So the organisation is happening on a daily basis . And it depends on all staff to be patient and see it through.
    Help where possible.

    Are your feelings perhaps external to your job? And more covid related?

    Keep a personal record of your start and finish times of your shift plus breaks.

    And definitely pursue that appraisal. But do be prepared for both positive and negative feedback. Itís all about understanding your role , your immediate employers role and differing expectations.

    Good luck!!
    It was quiet for like a week back in March but we have been getting a lot more trauma patients from other public hospitals, idk why. And we just get all the gen med patients still. And quieter can be worse because it isnít actually quiet you have the same patient load and your patients are as unwell as usual but there are just less nurses on the floor. Itís actually better when the ward is full. Our elective surgeries started back up last week as well.

    Yeah I have been having a think and Iím fair sure itís just surgical nursing that isnít for me. I enjoyed oncology a lot more and I think covid on top of it has me really not enjoying it.
    Thanks for the advice!

  7. #16
    Super Moderator annie24's Avatar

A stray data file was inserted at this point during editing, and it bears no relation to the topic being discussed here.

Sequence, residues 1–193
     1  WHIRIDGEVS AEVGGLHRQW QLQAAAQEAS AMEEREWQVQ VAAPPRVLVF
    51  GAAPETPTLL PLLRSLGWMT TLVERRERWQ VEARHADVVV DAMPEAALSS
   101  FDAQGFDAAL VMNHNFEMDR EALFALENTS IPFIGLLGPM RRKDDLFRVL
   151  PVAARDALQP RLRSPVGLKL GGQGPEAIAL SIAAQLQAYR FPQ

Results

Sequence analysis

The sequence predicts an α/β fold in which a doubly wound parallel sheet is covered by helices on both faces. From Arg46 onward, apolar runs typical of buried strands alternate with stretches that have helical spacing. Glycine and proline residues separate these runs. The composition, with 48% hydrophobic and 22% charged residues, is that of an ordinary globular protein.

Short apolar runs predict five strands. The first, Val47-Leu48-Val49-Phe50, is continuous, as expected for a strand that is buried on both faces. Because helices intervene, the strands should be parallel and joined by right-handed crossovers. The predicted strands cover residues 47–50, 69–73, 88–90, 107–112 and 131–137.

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    So.... I'm not sure if you will be less over-worked as a social worker. They seem to have a lot going on too. I would talk to your manager about if it's possible to balance the workload, but I'm not sure you can do that during a pandemic. :( Is there another wing you can be transferred to? Sorry, I don't know a ton about nursing, but I am sure you are being overworked at this time. Is there an additional certification that you can get that would help you get transferred to a less-busy wing?

  8. #17
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    Thanks everyone for the advice! I appreciate it! Iíve thought about it and reminded myself why I got into nursing, I think my passion just doesnít lay with surgical at all. Once I fishing up graduate year in a couple of months I will get back into oncology/ end of life care or mental health. My passion is definitely with them and I know Iíd never feel overworked doing anything for those patients.
    Thanks again guys!